Santino Fontana (John Adams), John Larroquette (Benjamin Franklin), and John Behlmann (Thomas Jefferson). Photo: Joan Marcus Like the thirteen colonies awkwardly hammered into a union, the musical 1776, which is about that hammering, is a bizarre construction that should not work. The idea for the show was outré in itself, let alone in its provenance: It was the dreamchild of a New Jersey schoolteacher and passable pop songwriter named Sherman Edward. By the time he got his historical costume musical about the ratification of the Declaration of Independence on the boards, in 1969, the Vietnam War was in full rage and game-changers like Hair and Cabaret had blown away the Broadway template. Who would sit for a longish (and originally intermission-less) show featuring grumpy old men doing gavottes in breeches? A show with hardly any women, unusually few songs (at one point, 30 minutes go by with no music at all), and no inherent suspense? But the oddness of 1776 turned out to be its genius. Peter Stone, hired to reshape Edwards’s dry chronicle of three months in Philadelphia into a feasible drama, figured out that even with a foregone conclusion the battle could be surprising; 1776 is not so… Read full this story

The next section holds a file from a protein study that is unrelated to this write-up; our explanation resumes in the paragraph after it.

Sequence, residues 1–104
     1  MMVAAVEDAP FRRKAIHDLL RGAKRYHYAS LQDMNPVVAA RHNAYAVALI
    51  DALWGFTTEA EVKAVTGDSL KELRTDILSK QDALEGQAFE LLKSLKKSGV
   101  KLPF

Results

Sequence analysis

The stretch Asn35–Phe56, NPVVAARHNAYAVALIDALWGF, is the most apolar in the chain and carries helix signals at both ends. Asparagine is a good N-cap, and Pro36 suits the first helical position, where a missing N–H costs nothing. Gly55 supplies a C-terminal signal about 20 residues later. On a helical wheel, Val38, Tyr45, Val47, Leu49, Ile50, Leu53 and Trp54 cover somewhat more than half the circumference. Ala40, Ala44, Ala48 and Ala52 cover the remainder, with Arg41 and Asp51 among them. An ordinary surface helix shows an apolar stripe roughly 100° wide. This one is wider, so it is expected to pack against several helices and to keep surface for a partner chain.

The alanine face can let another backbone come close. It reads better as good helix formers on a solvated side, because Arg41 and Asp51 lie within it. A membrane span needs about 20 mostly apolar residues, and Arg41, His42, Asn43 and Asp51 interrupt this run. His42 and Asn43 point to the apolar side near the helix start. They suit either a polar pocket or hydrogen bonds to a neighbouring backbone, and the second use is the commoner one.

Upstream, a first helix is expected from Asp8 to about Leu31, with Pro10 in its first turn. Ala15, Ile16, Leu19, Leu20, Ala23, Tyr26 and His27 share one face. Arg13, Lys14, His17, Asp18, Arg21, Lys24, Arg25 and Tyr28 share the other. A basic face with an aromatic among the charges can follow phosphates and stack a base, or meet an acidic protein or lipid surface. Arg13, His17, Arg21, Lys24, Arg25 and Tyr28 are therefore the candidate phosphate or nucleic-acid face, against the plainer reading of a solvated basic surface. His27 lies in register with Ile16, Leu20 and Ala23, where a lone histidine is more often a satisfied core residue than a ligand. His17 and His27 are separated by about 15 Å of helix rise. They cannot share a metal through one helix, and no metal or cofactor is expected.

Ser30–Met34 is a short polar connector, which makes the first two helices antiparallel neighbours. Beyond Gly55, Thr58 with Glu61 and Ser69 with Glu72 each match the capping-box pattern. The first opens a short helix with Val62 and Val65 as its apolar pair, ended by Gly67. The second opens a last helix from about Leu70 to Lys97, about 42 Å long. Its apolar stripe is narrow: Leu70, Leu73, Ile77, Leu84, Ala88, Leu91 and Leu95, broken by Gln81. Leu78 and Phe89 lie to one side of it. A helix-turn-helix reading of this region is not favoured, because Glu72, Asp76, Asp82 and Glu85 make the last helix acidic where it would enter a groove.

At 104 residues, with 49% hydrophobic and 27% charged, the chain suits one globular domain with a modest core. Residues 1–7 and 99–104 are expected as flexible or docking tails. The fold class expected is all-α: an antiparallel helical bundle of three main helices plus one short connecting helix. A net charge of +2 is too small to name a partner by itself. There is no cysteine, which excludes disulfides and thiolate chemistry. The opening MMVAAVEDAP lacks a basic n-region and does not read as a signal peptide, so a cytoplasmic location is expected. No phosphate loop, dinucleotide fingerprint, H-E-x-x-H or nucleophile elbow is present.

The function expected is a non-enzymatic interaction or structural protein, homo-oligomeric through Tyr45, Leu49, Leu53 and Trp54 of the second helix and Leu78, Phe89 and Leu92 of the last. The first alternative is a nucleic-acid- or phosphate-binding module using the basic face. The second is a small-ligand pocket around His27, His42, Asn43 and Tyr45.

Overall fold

- Theater Review: The
- Theater Review: Aristophanes’
- Theater Review: Is Theresa Rebeck Interested in Sarah Bernhardt, or Only Pretending to Be?
- Theater Review: Ivo van Hove’s
- Theater Review: Geopolitics and the Pick and Roll, in
- Theater Review: In Spandex and Sweat,
- Theater Review: An
- Theater Review: Jonathan Larson Before He Blew Up Big, on View in
- Theater Reviews: Contemporary Northern Prep and Southern Gothic, in
- Theater Review: Lin-Manuel Miranda’s
Theater Review: The Encores! Revival of have 264 words, post on www.vulture.com at March 31, 2016. This is cached page on wBlogs. If you want remove this page, please contact us.